Scored a lot of several packets of vintage Dritz tracing paper from eBay
a few months ago. Other than that found what I consider "tracing paper"
rather hard to find. Stores kept offering me what the children use in
school, which is not quite the same thing.
I use Chacopaper, available at art supply stores. It disappears with a
dab of water. But not for my sewing. Tracing darts and other symbols
on your fabric almost insures that your darts are going to be too fat
at the ends. The old Dritz paper is waxy, and could do permanent
damage to some of your fabrics, particularly sheer fabrics. You would
be better off snipping the legs of darts, and using a dot made with a
disappearing pen. You can then aim at the dot, instead of slavishly
following a line.
When I need to trace I now use "Chacopy tracing paper" at Nancy's Notions
NAYY. I found it to be better than the Dritz paper and Dritz tracing wheel
I'd used for many years, for me personally anyway. I also use the chalk
pencils on delicate or nubby fabric I don't want to wheel over. I got the
tracing wheel from N.N. as well, the edges aren't pointy sharp, kind of
dull. They mark through to the fabric without tearing the pattern paper or
leaving holes in the fabric if you put pressure on it. The Chacopy stays on
the fabric quite well but it removes easily.
tried "the pounce' method I once saw demonstrated on some sewing show on TV but never found that IMO it worked all that well, to say nothing of the mess it made.
In article ,
Honestly, I've never really seen a good marking paper. The old waxy
ones often stained the fabric and would not come out though I do still
use them when that will not be a problem. The blue and purple ones,
with ink like those blue and purple markers, were not very helpful
because you had to wash both out before you could press the seam or dart
or else the heat of the iron would make the markings permanent.
Personally, I don't find the chalk papers much more effective that a
hera marker but I do use them sometimes. For garments, I mostly take
snips or do markings in the seam allowances with a piece of soap on dark
items. For darts and other interior construction points, I almost
always do thread markings or sew through actual tracing (not marking)
paper to which I traced the dart or whatever plus a positioning mark.
>> > shows lots of sites.> >
Come now, having acquired lots of knowledge doesn't mean one is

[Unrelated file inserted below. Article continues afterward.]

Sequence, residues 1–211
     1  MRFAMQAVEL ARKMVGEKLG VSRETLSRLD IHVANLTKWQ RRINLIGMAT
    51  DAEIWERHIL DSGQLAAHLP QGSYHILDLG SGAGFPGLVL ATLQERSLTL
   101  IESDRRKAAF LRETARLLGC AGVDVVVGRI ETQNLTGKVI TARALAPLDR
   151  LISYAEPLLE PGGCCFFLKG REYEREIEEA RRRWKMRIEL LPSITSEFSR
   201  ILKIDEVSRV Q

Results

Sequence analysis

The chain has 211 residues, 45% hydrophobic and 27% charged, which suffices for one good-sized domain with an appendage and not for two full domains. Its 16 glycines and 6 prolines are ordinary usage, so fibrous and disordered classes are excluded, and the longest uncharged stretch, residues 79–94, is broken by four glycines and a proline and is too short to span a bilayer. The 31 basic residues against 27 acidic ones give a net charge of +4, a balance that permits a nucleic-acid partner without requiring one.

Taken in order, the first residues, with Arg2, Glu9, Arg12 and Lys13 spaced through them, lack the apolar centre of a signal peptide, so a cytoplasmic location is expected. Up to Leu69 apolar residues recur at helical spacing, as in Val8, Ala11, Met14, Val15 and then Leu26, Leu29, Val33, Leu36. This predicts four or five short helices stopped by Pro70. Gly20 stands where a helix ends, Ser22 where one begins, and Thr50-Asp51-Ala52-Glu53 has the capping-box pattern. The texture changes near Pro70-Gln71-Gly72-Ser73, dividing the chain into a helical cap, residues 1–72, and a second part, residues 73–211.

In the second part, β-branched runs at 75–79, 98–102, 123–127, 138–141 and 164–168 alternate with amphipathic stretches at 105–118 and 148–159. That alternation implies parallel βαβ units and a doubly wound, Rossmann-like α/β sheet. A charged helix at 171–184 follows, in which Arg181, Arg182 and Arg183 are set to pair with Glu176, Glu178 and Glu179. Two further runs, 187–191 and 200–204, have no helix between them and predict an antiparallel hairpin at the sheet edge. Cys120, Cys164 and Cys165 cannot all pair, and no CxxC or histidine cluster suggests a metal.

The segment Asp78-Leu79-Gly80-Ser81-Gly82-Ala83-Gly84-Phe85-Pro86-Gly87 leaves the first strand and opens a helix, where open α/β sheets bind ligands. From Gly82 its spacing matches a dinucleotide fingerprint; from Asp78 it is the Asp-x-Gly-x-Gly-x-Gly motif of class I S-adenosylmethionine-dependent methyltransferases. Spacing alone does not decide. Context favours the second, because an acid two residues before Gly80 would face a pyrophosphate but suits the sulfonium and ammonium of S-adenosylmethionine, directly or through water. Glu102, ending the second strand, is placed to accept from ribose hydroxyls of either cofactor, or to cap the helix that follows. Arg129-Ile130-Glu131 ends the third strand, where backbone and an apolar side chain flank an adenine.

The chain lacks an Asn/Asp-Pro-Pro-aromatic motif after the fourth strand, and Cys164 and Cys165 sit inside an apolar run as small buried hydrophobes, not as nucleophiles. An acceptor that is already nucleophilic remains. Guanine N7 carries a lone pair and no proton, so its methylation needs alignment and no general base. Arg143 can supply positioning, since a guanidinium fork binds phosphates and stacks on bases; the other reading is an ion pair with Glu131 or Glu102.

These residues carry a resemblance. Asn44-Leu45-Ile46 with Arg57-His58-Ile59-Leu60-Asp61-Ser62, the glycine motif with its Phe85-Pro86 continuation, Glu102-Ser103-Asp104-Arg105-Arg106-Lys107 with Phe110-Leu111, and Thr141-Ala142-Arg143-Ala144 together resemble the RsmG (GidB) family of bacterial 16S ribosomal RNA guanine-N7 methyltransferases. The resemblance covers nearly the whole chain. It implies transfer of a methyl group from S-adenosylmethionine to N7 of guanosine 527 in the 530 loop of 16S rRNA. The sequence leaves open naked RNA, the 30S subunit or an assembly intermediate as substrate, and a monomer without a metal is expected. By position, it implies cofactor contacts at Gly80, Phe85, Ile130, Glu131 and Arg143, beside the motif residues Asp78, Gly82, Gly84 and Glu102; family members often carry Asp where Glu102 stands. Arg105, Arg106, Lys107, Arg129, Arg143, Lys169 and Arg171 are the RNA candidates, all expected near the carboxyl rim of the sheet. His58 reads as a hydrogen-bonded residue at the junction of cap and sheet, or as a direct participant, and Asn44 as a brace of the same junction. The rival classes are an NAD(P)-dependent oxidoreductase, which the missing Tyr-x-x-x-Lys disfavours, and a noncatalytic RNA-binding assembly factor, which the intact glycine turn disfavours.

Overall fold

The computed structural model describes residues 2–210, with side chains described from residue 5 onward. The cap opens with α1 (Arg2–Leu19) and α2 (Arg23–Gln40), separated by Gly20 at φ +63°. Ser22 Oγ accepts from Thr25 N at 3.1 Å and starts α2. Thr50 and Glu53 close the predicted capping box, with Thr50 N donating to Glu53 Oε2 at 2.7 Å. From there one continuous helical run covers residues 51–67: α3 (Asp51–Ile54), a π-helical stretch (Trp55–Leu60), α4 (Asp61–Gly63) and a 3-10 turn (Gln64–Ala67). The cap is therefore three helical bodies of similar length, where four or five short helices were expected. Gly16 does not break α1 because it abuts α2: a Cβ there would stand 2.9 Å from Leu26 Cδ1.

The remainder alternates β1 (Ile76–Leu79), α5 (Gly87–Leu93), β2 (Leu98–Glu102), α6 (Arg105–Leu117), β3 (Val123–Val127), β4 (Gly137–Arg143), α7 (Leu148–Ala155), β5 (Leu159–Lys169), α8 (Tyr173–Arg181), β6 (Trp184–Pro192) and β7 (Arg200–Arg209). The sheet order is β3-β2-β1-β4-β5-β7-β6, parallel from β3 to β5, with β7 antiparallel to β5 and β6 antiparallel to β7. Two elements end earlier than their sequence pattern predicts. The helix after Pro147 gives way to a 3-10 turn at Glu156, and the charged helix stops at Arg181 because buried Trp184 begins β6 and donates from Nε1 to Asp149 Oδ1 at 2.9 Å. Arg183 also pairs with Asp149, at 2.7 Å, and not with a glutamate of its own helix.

"old". Rather it means one is knowledgeable/smart/savvy/with
I fully intend to continue learning new things and using my vast
knowledge until the day I die. And that's at *least* thirty
Beverly, feeling rather erudite herself at the moment.
"Phaedrine" > You will find instructions for tailor tacking in any good book
I don't even bother with tracing paper unless there is a special design
feature to mark that any other way would be untenable or time consuming.
Tailor's tacks are the only way I mark darts anymore. Learned how to do
them in junior high home ec class. Too many years ago to say.
AK in PA
firstname.lastname@example.org Is this a local saying? or does it come from a tv
shows' main character?
Actually use tracing paper mostly for marking embroidery outlines.
Marking darts and other things is best done with Tailor's tacks or other
tricks of the trade. Tracing seam lines with tracing paper can be messy
at best and can waste lots of time. Sewing straight seams is best
accomplished with good technique, a machine that sews straight, and if
required a seam guide.
Nearly everybody says to use multiple threads to make tailor tacks --
that makes no sense at all to me. A single thread shows up just fine
-- even when I use the thin two-ply thread I bought a cone of at a
garage sale. (There is, of course, a risk that one might mistake a
single-thread tack for lint and pick it off.)
Multiple threads do provide spares in case one pulls out -- but
threads that went in together will pull out together. I take an extra
stitch or two when I'm going to wool the fabric around.
Sharp scissors are essential. Chewing through the threads with dull
snips is apt to pull them out.
It helps to use one spool for all marking -- and a different spool for
basting. (And when one line of basting goes near another, and you
plan to take one out and leave the other in, it's a help to change
colors for the second baste.) On the other hand, you may want to
color-code marks. (I can't offhand think of a situation, but there's
bound to be one.)
Brilliant and dark colors of basting thread might rub off on the
fabric; test them before using.
Use up mistakes and left-overs for basting and marking --- insisting
on silk thread for marking and basting is pointless except when the
fabric is delicate. If you do buy silk thread for basting, go whole
hog and get #100. (On the one hand, #100 silk very weak -- on the
other hand, if you leave some in a garment by mistake, nobody will
I prefer crewel needles because I have aging eyes, but when fine
enough for basting, they tend to be ridiculous short. Milliner's
needles, straw needles, and beading needles have a reasonable length
in the finer sizes. (But none of them have stretched eyes!)